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Application State

The Big Ratom

re-frame puts all your application state into one place, which is called app-db.

Ideally, you will provide a spec for this data-in-the-one-place, using a powerful and leverageable schema.

Now, this advice is not the slightest bit controversial for 'real' databases, right? You'd happily put all your well-formed data into PostgreSQL.

But within a running application (in memory), there can be hesitation. If you have a background in OO, this data-in-one-place business is a really, really hard one to swallow. You've spent your life breaking systems into pieces, organised around behaviour and trying to hide state. I still wake up in a sweat some nights thinking about all that Clojure data lying around exposed and passive.

But, as Fogus reminds us, data at rest is quite perfect.

In re-frame, app-db is one of these:

(def app-db  (reagent/atom {}))    ;; a Reagent atom, containing a map

Although it is a Reagent atom (hereafter ratom), I'd encourage you to think of it as an in-memory database. It will contain structured data. You will need to query that data. You will perform CRUD and other transformations on it. You'll often want to transact on this database atomically, etc. So "in-memory database" seems a more useful paradigm than plain old map-in-atom.

Further Notes:

  1. app-state would probably be a more accurate name, but I choose app-db instead because I wanted to convey the in-memory database notion as strongly as possible.
  2. In the documentation and code, I make a distinction between app-db (the ratom) and db which is the (map) value currently stored inside this ratom. Be aware of that naming as you read code.
  3. re-frame creates and manages an app-db for you, so you don't need to declare one yourself (see the the first FAQ if you want to inspect the value it holds).
  4. app-db doesn't actually have to be a ratom containing a map. It could, for example, be a datascript database. In fact, any database which can signal you when it changes would do. We'd love! to be using datascript database - so damn cool - but we had too much data in our apps. If you were to use it, you'd have to tweak re-frame a bit and use Posh.

The Benefits Of Data-In-The-One-Place

  1. Here's the big one: because there is a single source of truth, we write no code to synchronise state between many different stateful components. I cannot stress enough how significant this is. You end up writing less code and an entire class of bugs is eliminated. (This mindset is very different to OO which involves distributing state across objects, and then ensuring that state is synchronised, all the while trying to hide it, which is, when you think about it, quite crazy ... and I did it for years).

  2. Because all app state is coalesced into one atom, it can be updated with a single reset!, which acts like a transactional commit. There is an instant in which the app goes from one state to the next, never a series of incremental steps which can leave the app in a temporarily inconsistent, intermediate state. Again, this simplicity causes a certain class of bugs or design problems to evaporate.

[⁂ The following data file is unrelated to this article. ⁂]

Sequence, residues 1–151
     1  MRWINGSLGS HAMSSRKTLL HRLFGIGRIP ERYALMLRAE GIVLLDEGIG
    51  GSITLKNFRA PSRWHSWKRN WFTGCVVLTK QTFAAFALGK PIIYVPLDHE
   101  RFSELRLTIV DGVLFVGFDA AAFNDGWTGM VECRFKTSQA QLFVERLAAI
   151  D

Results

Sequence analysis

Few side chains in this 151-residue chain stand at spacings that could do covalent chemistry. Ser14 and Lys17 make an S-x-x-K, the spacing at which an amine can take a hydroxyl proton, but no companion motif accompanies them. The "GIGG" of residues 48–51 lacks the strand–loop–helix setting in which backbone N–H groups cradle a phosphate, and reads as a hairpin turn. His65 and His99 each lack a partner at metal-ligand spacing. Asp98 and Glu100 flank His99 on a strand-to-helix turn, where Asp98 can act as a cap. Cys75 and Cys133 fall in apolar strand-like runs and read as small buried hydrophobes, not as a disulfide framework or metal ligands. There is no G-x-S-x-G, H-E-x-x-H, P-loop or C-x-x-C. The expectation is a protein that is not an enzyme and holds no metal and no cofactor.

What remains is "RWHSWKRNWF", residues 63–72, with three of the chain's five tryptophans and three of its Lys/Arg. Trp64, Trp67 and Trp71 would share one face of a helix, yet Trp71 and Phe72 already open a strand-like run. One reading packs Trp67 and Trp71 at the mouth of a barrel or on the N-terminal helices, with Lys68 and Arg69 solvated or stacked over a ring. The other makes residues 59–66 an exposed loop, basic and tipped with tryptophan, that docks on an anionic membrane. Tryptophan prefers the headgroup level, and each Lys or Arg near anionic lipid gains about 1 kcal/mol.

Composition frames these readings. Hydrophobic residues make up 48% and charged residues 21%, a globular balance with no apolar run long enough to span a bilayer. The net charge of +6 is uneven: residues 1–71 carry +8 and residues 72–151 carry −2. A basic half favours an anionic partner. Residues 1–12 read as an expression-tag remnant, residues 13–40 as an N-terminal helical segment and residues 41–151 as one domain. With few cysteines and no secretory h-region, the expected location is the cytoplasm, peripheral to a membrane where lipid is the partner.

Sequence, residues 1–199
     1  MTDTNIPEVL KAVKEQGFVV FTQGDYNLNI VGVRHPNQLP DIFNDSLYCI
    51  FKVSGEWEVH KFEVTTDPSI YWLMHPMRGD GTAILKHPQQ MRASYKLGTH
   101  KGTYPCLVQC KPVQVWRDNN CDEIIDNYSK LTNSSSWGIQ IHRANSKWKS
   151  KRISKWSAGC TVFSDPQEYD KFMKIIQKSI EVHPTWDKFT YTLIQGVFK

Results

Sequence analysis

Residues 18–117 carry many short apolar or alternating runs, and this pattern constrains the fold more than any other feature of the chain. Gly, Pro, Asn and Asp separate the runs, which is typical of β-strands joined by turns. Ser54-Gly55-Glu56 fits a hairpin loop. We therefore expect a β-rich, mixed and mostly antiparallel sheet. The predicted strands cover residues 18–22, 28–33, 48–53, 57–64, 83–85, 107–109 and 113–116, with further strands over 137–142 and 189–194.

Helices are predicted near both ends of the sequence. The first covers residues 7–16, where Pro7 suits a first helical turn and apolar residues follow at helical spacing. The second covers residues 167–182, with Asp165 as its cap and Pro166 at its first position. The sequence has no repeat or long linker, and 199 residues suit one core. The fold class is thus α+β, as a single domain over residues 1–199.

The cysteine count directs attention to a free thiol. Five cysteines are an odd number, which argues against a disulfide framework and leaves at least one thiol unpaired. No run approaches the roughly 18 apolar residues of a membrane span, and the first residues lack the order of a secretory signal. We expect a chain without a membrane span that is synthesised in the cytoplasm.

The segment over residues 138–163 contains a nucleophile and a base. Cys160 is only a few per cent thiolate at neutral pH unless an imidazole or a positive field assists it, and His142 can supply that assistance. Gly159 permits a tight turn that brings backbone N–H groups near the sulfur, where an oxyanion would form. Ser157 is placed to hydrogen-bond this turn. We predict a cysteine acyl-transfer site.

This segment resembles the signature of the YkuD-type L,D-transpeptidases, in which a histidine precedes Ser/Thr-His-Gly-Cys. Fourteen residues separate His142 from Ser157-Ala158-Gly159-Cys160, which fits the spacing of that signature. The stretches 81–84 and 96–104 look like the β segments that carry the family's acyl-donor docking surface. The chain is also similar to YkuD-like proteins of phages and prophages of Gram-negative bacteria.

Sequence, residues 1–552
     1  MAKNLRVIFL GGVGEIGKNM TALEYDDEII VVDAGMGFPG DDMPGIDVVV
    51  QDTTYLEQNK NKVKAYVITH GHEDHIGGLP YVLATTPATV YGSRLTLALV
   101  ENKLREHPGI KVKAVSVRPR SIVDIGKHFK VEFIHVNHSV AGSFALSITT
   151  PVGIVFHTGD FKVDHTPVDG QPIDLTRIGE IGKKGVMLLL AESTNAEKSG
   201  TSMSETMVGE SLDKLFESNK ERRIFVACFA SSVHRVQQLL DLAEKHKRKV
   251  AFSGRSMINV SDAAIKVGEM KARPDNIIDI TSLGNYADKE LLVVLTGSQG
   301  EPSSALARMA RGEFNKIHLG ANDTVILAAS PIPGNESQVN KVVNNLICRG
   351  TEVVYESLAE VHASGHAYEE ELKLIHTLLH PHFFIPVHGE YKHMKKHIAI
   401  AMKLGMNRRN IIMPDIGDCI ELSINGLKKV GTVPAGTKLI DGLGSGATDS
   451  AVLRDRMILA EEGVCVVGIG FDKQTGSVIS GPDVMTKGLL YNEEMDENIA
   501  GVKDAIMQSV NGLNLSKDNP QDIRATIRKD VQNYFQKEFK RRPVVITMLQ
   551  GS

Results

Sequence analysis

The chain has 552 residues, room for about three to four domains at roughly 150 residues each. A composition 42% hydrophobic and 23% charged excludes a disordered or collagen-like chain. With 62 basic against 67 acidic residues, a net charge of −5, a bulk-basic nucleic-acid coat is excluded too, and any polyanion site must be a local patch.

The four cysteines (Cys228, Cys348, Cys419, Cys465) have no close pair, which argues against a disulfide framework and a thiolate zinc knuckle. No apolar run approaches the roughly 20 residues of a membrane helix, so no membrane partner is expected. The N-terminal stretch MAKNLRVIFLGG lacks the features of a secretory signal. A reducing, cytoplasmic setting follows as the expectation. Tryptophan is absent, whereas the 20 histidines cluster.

3. The data in app-db can be given a strong schema so that, at any moment, we can validate all the data in the application. All of it! We do this check after every single "event handler" runs (event handlers compute new state). And this enables us to catch errors early (and accurately). It increases confidence in the way that Types can increase confidence, only a good schema can potentially provide more leverage than types.

  4. Undo/Redo becomes straight forward to implement. It is easy to snapshot and restore one central value. Immutable data structures have a feature called structural sharing which means it doesn't cost much RAM to keep the last, say, 200
    snapshots. All very efficient. For certain categories of applications (eg: drawing applications) this feature is borderline magic. Instead of undo/redo being hard, disruptive and error prone, it becomes trivial. But, many web applications are not self contained data-wise and, instead, are dominated by data sourced from an authoritative, remote database. For these applications, re-frame's app-db is mostly a local caching point, and being able to do undo/redo its state is meaningless because the authoritative source of data is elsewhere.

  5. The ability to genuinely model control via FSMs (discussed later).

  6. The ability to do time travel debugging, even in a production setting. More soon.

Create A Leveragable Schema

You need to create a spec schema for app-db. You want that leverage.

Of course, that means you'll have to learn spec and there's some overhead in that, so maybe, just maybe, in your initial experiments, you can get away without one. But not for long. Promise me you'll write a spec. Promise me. Okay, good.

Soon we'll look at the todomvc example which shows how to use a spec. (Check out src/db.cljs for the spec itself, and then in src/events.cljs for how to write code which checks app-db against this spec after every single event has been processed.)

Specs are potentially more leveragable than types. This is a big interesting idea which is not yet mainstream. Watch how:
https://www.youtube.com/watch?v=VNTQ-M_uSo8

Also, watch the mighty Rich Hickey (poor audio):
https://vimeo.com/195711510

How do I inspect it?

See FAQ #1


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